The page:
Gladstone Peak is the little brother of the Wilson Group of peaks near Lizard Head Pass. But don't let that fool you; there's nothing little about Gladstone. And with only one standard, viable route to the summit, (North Ridge), Gladstone can be hit/miss in regards to summit success.
The East Face is a sceondary option. This route is climbed so infrequently, I could find only one other party who's done it (documented at any rate). Though considering the other peaks in the area, the other climbing routes and hiking trails that criss-cross the local, I have no doubt that this route has been done before by [countless] others.
The mileage on this alternative route comes in at about 13.4 miles (round trip) with about 4,700' of elevation gain, so expect a long day. The bulk of this is on class-1 trail. There's maybe 30% off-trail hiking and some loose 3rd class scrambling near the top. Compared to the North Ridge, the exposure on this route is not as high. But snce this route is entirely hidden from the west, you won't know what thr weather is doing until you hit the ridge, very near to the summit.
The rock is typical San Juan choss. This particular mountain isn't volcanic but it is loose in typical Wilson fashion. Approach this peak with reverence and caution.
The easiet way to approach this route is from the Cross Mountain Trailhead. Leave Telluride on Co. 145 driving south towards Lizard Head Pass. This is about 28 miles. Drive an additional two miles southwest down the other side of the pass to the trailhead which, is located on the north side of the road (right). The trailhead is at 10,050' and is accessable year-round.
The approach trail is around 3.5 miles (one-way) to the junction with Lizard Head Trail. From here, the views of Lizard Head Peak (arguably Colorado's hardest 13er) are sobering. This approach trail will yield you around 1,960' elevation gain. It weaves through forest, open meadow and glen. As approach trails go, this one is actually quite nice.
Kepp hiking northwest on the Cross Mountain Trail towards Bilk Basin. At this point, the East Face is in view the entire way. You can leave the trail pretty much at any point from here on out. Simply head due west down the slope/ravine to the bottom. Continue hiking west towards the face up gradually ascending tundra. The grass will eventually give way to rock patches, scree and rock ribs. At around 12,300', the route begins.
Even though this is techynically a face scramble, the route is fairly straight-forward and easy to follow. From the bottom, you'll notice a cliff band about 3/4 the way up the face; shoot for this band. Begin scrambling up a choss-covered slope. This is a miserable ascent (when is it not?). There is a series of rock ribs climbers right. I found these to be much more enjoyable and solid. There's even opportunities to get in some 4th class climbing moves along these ribs.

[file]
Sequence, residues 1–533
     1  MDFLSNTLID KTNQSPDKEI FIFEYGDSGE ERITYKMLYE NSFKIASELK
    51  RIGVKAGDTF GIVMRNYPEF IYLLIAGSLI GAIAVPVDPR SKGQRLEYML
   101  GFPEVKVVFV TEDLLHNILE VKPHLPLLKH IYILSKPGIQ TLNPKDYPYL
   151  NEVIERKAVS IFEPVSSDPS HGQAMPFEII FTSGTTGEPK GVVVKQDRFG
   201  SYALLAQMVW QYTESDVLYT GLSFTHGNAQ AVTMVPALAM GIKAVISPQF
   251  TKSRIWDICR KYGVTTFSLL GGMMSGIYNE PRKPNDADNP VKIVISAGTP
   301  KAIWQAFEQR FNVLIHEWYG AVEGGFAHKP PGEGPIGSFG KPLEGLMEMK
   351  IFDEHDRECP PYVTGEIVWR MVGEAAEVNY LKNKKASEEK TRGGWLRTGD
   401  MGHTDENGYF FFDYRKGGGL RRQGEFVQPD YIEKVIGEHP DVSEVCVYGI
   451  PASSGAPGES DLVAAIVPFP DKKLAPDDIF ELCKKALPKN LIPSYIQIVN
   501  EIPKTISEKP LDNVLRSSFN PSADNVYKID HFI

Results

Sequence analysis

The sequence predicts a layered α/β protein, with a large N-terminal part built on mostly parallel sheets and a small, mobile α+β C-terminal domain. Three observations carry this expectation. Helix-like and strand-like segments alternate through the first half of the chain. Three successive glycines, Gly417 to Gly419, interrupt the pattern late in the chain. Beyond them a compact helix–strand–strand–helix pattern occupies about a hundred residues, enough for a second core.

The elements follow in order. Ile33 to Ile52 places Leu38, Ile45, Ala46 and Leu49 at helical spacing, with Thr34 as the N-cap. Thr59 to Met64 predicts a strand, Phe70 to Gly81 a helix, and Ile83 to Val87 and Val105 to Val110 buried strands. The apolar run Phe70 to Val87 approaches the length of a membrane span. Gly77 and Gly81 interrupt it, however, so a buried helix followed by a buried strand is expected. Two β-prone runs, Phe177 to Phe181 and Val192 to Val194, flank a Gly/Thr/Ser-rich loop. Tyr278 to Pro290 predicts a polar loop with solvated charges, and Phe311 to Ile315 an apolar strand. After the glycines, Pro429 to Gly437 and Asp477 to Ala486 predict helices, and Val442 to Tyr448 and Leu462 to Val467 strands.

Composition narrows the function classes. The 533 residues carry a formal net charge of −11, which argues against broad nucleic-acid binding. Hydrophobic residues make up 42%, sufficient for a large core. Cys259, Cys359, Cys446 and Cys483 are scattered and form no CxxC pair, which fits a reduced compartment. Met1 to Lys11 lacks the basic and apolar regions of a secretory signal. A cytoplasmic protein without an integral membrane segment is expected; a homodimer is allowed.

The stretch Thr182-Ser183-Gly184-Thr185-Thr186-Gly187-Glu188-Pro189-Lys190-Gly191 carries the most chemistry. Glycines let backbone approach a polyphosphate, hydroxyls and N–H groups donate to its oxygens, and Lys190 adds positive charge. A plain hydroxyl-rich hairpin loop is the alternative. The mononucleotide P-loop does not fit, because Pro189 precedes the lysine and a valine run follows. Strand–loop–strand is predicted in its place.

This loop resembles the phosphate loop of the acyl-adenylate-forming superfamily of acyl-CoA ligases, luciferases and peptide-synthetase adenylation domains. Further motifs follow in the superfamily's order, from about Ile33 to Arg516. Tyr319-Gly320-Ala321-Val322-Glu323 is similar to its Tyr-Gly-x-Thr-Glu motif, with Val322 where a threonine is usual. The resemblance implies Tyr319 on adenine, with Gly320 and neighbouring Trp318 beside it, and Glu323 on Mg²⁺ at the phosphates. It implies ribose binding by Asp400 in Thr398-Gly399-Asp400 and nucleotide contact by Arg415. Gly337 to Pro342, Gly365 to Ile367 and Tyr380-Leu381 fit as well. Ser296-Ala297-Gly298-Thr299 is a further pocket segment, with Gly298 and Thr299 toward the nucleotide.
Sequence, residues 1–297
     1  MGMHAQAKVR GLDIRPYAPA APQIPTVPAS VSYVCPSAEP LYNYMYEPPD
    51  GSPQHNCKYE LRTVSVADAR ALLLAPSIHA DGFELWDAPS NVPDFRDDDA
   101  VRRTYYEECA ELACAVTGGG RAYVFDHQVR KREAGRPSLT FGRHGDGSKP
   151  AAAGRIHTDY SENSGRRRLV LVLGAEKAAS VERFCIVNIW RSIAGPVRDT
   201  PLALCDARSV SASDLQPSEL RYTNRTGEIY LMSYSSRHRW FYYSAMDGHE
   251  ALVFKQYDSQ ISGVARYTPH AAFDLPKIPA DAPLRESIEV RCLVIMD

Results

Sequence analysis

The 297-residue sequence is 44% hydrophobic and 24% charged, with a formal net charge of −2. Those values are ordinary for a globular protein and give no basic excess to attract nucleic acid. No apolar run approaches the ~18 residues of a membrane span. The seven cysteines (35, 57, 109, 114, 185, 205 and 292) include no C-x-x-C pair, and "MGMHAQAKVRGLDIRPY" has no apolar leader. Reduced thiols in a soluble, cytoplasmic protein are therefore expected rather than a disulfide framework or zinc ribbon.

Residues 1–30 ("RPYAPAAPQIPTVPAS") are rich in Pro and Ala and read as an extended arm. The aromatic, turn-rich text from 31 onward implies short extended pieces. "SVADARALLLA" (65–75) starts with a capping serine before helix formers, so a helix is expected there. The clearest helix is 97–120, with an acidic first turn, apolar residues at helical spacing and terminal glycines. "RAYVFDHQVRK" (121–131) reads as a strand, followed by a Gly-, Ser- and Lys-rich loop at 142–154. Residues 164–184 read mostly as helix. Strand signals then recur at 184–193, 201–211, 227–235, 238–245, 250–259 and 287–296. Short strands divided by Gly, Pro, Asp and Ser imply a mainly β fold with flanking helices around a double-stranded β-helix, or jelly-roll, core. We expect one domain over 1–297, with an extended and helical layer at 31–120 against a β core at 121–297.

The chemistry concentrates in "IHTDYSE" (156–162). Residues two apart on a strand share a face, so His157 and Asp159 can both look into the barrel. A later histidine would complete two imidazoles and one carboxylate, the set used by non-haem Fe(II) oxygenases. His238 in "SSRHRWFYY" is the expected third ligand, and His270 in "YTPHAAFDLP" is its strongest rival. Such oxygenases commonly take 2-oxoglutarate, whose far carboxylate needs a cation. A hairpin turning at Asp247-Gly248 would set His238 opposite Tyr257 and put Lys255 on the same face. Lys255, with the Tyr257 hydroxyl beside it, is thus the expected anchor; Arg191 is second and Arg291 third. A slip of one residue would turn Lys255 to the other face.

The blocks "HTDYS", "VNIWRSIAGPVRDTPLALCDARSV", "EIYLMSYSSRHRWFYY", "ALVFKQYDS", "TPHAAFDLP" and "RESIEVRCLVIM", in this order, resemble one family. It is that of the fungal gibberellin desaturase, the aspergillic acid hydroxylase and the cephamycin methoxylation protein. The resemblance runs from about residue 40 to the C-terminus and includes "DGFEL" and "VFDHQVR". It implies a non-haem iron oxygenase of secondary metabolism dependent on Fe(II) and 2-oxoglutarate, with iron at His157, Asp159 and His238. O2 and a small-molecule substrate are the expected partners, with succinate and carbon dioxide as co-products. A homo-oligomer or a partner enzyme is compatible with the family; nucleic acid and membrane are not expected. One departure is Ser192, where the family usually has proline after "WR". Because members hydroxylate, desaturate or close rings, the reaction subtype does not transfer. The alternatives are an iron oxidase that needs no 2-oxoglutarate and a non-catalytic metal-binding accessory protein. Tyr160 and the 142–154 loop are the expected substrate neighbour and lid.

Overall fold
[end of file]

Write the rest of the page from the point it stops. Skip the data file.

Near the top of these ribs, you'll notice a LARGE boulder, about the size of a house. It's easier to scramble around this obstacle to the right. You could actually just climb this if you wanted some fun, as it looks no harder than 4th class. From the top of this boulder, it is perhaps another 150' to the bottom of the cliffs. This cliff band gets progressively harder the further right you end up. However, having said that, nothing really exceeds difficult 4th class. In fact most of it seems to be about 3+.
Finish the scramble to the East Ridge. The views across Gladstone's Southeast Face will take your breath away. You'll now be able to see Mt. Wilson and El Diente. Continue to the right on an ascending traverse across the upper face until you reach the Northeast Ridge. The rock will get marginally better. The summit is only another 100'-130' away. Enjoy your prize!
Gladstone is located in a sub-range of the San Juan Mountains called the San Miguel, of which peaks like: Black Face, San Bernardo, The Wilsons etc. are part of. The rock here is loose, though not as bad as some of the volcanic areas of the San Juan's. The trails through this area are quite nice and the maps are accurate.
The North Ridge has been the standard route for decades. Probably because of its ease of accessablility from Silver Pick and Navajo Lake. The rock however, is loose & bad. Plus the route is exposed. The only beneft I can see to the North Ridge over the East Face, is one can retreat if necessary if the weather starts to turn bad; You'll have unobstructed views to the west. Otherwise, the East Face in my opinion is slightly easier and safer. If solitude is your thing, you'll also have more of that. Plus as an added benefit, you get to see Lizard Head up close!
Pretty good trip report from 14ers.com. Gladstone Peak-East Face